Frederick Jones Bliss [1859-1937] -- By: Milton C. Fisher

Journal: Bible and Spade (Second Run)
Volume: BSPADE 04:3 (Summer 1991)
Article: Frederick Jones Bliss [1859-1937]
Author: Milton C. Fisher

Frederick Jones Bliss [1859-1937]

Milton C. Fisher

Shades of Melchizedek! For a while it seemed this digger had a beginning to his life but no ending. References to his contributions to Palestinian archaeology are frequent, yet his story is not so dramatic as to rate fullscale treatment in the usual sources for our biographical sketches. The ponderous National Union Catalog of the library of Congress, list of authors compiled for 1967 to 1972, supplied the missing information.

Frederick Jones Bliss and his trademark, the pie-shaped Tell el-Hesi.

The point is that Bliss did not excavate extensively, except for two major projects during the closing decade of the 19th Century, but those two locations — Tell el-Hesi and Jerusalem — are important in themselves. His claim to fame, really, lies primarily in his follow-up link to his more famous predecessors, Sir Flinders Petrie at the former site and British army engineers Wilson and Warren at the latter.

The Palestine Exploration Fund (PEF) engaged Petrie’s American assistant, Bliss, to work two more years following the amazingly productive six-week expedition of that exceptional Englishman. Bliss’ most significant contribution to the progress of Palestianian archaeology was his public support for Petrie’s suggestion that even fragments of pottery from various ages or periods of human occupation were of crucial value for the dating of ruins. Most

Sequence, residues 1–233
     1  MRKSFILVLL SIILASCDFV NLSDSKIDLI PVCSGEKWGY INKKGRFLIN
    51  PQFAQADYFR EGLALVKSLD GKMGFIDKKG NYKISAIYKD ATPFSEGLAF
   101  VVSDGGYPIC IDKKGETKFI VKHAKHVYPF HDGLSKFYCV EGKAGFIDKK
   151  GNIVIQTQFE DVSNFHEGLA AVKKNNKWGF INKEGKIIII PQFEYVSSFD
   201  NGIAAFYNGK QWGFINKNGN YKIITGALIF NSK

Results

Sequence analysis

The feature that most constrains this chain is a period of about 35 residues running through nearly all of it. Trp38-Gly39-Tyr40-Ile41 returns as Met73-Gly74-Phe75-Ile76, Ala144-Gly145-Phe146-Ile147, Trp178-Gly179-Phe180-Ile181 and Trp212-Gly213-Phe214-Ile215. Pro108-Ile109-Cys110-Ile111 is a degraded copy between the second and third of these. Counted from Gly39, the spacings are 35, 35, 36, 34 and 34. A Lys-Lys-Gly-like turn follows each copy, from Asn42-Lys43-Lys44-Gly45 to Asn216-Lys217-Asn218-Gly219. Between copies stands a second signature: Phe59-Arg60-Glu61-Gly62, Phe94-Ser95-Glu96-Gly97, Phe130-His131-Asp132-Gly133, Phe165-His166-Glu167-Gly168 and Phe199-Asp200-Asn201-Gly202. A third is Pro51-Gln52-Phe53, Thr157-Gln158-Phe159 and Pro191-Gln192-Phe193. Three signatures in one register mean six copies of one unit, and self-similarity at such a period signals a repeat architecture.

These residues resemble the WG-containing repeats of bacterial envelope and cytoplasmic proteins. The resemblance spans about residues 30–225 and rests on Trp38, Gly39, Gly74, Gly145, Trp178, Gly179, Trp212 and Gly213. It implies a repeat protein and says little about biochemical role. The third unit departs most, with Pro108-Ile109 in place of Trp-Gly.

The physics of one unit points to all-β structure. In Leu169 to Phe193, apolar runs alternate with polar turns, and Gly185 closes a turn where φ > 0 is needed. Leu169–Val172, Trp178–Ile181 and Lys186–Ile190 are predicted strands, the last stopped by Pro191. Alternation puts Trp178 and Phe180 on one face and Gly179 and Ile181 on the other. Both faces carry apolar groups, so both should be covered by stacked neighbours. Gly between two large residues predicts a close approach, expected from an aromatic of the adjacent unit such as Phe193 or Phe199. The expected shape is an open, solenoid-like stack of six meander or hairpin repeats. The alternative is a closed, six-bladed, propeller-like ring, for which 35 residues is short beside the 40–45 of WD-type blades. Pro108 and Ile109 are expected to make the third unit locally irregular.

others scoffed at Petrie’s method, even as qualified as he was by his acquaintance with datable Egyptian scarabs and pottery found at Palestinian sites.

“Nothing was left for me to do,” testifies Bliss, “but to cut down the mound itself layer by layer, in order to ascertain the number of occupations and the character of each” (M. Pearlman, Digging Up the Bible, p. 61). W. F. Albright faults Bliss, however, for short-sightedness in failing to follow through on the very technique he had commended. For while he had praised the brilliant campaign of his mentor, Petrie, as enabling him to frame an outline history of the city, Bliss failed to publish a correlation of Petrie’s detailed treatment of the sherds with his own stratigraphic results. Albright reasoned, a full generation later, that had he done so, the essentials of Palestinian pottery dating might have been established at the very beginning of the 20th Century.

Another mistake, shared equally by Sir Flinders Petrie and his successor at Tell el-Hesi, was their identification of the ruins as those of the prominent Judaean city, Lachish. Discovery there of the very first Akkadian...

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